Before I dive in with this post, I just wanted to point out that Gadling is offering a contest to win free tuition to MatadorU! The contest closes December 21st, so head over there soon to check it out. If you don’t win and still want to register, crawl back to Candice Does the World and click my banner.
We all have our own personal, sometimes bizarre Christmas or holiday traditions. Right now I’m blogging while sitting around the table with my roommates, drinking a Texas Mickey of Crown Royal whiskey and playing Scrabble. Yeah, I’m that good. See?
In Newfoundland, we also have “mummering,” or “jannying.”
(Apparently mummering and jannying has its roots in ancient Roman history. See how cultured we are?)
Here’s the premise: a group of men and women dress up in ridiculous fashion and go from home to home spreading cheer and Christmas drunken debauchery (much the same as regular drunken debauchery, except with Screech and Golden Wedding). Mummers are disguised. They wear ski masks, bras on the outside of clothes, socks on hands, toques, pillows stuffed in shirts, and just about anything that will hide a person’s figure. Mummers will also act differently and talk differently to hide their identity.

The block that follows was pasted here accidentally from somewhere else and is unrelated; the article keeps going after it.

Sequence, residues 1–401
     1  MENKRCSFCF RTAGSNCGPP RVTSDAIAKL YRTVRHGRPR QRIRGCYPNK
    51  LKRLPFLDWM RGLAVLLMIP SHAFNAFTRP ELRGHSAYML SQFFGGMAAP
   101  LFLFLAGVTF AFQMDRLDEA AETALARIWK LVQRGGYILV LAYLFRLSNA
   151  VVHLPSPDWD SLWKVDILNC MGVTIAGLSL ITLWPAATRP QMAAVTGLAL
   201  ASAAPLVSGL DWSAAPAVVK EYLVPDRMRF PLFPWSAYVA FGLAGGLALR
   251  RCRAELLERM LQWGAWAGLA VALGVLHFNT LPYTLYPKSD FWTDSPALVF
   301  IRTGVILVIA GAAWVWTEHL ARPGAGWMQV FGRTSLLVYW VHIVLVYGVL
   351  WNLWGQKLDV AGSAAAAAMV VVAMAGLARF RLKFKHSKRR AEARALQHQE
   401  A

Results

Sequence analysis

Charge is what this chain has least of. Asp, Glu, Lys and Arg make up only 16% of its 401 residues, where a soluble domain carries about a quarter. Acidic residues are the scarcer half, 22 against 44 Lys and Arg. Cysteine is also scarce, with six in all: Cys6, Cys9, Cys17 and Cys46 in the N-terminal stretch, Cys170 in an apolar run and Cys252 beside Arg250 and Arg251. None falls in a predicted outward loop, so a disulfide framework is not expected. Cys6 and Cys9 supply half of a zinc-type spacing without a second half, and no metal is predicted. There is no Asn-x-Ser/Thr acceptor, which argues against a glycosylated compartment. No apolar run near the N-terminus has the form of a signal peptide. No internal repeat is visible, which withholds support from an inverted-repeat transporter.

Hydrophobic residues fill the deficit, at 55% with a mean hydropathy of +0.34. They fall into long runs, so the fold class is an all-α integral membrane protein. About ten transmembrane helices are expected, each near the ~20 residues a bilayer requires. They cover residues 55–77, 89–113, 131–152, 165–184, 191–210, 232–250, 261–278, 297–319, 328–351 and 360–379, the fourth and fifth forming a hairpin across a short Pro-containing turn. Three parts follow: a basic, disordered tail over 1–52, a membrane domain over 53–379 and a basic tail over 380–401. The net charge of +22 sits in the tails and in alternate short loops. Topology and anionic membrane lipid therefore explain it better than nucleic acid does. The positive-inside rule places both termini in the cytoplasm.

The gang of mummers travel around the community on foot, knocking on doors of homes and hollering, “Any mummers ‘lowed in?” If indeed they are ‘lowed in, the patrons will guess who is behind the gaudy costumes, and then riotous kitchen parties break out with fiddle music, booze galore and dancing jigs.
In other words, Newfoundlanders love a party.
As you can imagine, there are some issues with allowing a hoard of rowdy, disfigured strangers into your home. The biggest one being who the hell lets masked strangers into their home? Unfortunately, the tradition has died down over the years as people (reasonably) fear the worst.
From someone who grew up in rural Newfoundland, mummering is the perfect example of rural community spirit. A man comes to your house dressed as a woman, chattering like someone has a vice grip on his testicles, walking with a limp, and you’re still able to figure out his true identity. Thus is the nature of a small town — you’re uncomfortably close to everyone.
So I was stoked to hear the Heritage Festival of Newfoundland and Labrador is hosting its First Annual Folklike Festival, which ends on December 20th with a Mummers Parade. Mummers! Can you think of a more perfect place to hook up? I’ll be out there as a spectator taking some photos of the event, so I’ll be able to give you a better example of the sheer ridiculousness of Newfoundland soon.
I love this province.
Here’s Simani’s famous video, “The Mummer Song.” Pretty good idea of what goes down.